George Nader, reportedly a cooperating witness in Special Counsel Robert Mueller’s investigation into collusion between Donald Trump’s presidential campaign and Russia, was arrested in 1985 on child pornography charges.
A frequent visitor to the Trump White House in 2017, Nader is the latest enigmatic character to saunter onto the stage as part of Mueller’s inquiry. A New York Times story last weekend said that Mueller was looking into whether Nader, a Lebanese-American with access to Persian Gulf elites, had helped funnel foreign money toward Trump’s campaign. On Tuesday, the paper said that Nader was cooperating with Mueller’s investigation.
The 1985 criminal case against Nader on child pornography charges was eventually dismissed, according to court documents obtained by The Intercept. The existence of the charges was first reported by The Atlantic.
“The court found that Mr. Nader’s constitutional rights had been flagrantly violated, and the case was thrown out in its entirety before trial,” a representative for Nader told The Intercept. “Mr. Nader vigorously denies the allegations now, as he did then.”
The 1985 criminal case against Nader on child pornography charges was eventually dismissed.
According to prosecutors, as relayed in the U.S. District Court judge’s ruling on a motion to suppress evidence in the case, Nader received a package that included both a film of young boys engaged in sexual acts and pictures depicting nude boys. Authorities conducted a search based on a warrant, and similar material was found in a room that Nader rented in a Washington home, according to the court documents. The evidence discovered in the home was ruled inadmissible when the warrant was challenged, but the material delivered in the original package was not ruled inadmissible at the time. In July 1986, just ahead of a jury trial, the charges were dismissed, according a docket sheet from the U.S. District Court in Washington. Not all of the court filings are available online, and the reasons for the dismissal were not immediately clear.
In its initial report, the New York Times shed light on Nader’s role as adviser to the United Arab Emirates, a tiny Persian Gulf country with outsized influence in Washington, and his potential involvement brokering the country’s relationship with the Trump campaign. The Tuesday report said that Nader represented Crown Prince Mohammed bin Zayed al-Nahyan, who effectively rules the UAE, at a meeting in the Seychelles between Blackwater founder Erik Prince and Kirill Dmitriev, CEO of the Russian Direct Investment Fund. Dmitriev, whose role in the UAE-brokered meeting was revealed by The Intercept last November, had been appointed by Russian President Vladimir Putin in 2011 to administer the state-run sovereign wealth fund.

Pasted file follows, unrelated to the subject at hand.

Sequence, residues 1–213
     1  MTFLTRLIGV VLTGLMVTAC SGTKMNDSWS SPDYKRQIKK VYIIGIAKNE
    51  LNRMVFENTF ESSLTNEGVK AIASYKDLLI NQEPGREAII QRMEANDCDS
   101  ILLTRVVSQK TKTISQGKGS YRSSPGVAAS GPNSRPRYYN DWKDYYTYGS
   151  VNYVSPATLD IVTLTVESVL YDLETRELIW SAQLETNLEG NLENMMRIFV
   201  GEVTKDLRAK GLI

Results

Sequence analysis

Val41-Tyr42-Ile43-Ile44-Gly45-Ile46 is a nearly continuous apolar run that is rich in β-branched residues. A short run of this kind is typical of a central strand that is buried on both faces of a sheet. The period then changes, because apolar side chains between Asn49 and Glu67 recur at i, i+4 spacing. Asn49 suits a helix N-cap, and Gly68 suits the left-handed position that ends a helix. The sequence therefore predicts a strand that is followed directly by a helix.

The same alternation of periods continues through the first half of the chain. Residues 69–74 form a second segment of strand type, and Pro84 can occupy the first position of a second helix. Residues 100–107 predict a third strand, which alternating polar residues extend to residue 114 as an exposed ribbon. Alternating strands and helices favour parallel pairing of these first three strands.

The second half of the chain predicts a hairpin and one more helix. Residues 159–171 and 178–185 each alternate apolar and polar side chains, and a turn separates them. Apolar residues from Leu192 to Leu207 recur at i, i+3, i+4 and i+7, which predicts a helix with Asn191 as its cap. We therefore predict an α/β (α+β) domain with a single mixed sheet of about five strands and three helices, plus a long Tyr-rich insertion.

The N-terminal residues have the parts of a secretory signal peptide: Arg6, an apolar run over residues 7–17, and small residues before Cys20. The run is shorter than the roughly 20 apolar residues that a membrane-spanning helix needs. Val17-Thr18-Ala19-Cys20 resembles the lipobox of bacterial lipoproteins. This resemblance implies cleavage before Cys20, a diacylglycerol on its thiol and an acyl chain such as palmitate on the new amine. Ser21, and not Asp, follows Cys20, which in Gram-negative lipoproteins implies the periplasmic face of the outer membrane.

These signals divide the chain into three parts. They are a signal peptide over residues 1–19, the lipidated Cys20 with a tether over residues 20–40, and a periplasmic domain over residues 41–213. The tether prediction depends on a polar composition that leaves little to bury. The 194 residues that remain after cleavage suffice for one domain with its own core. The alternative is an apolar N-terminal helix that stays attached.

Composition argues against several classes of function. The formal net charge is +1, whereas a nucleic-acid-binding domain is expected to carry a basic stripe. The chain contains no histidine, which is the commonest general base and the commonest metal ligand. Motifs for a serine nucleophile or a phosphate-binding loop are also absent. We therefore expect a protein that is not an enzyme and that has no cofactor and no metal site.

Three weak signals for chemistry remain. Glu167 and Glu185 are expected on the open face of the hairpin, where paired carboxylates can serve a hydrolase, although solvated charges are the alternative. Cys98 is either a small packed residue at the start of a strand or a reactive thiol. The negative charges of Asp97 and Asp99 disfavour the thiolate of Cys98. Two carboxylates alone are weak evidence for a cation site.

The meeting has moved into a prominent role in Mueller’s investigation. Prince served as an informal adviser to the Trump transition and has maintained a close relationship with his administration. The Intercept reported in December that the administration considered a plan from the Blackwater founder to create a private spy network that would exist outside of accountable official channels.
Setting up and attending high-powered meetings like the one in the Seychelles would not be out of character for Nader. For years, he was best known to the public as the editor of a now-defunct journal called Middle East Insight, which featured interviews with key regional leaders and top Washington-based scholars. But Nader has long been a source of intrigue in Washington. Amid his high-flying access, speculation about his funding streams was rife.
Just weeks after the charges were dismissed in 1986, Nader turned up in Iran at the home of the leader of Iran’s Islamic Revolution, Ayatollah Ruhollah Khomeini, where he hung out with members of the Afghan mujahideen. He wrote about the trip for the Washington Post, as well as his own journal. CNN reported on Wednesday that Nader would go on to work as a go-between to free American hostages taken in the mid-1980s by the Lebanese militant group Hezbollah.
Update: March 8, 2018
This story has been updated to reflect that the existence of the 1985 charges was first reported by The Atlantic.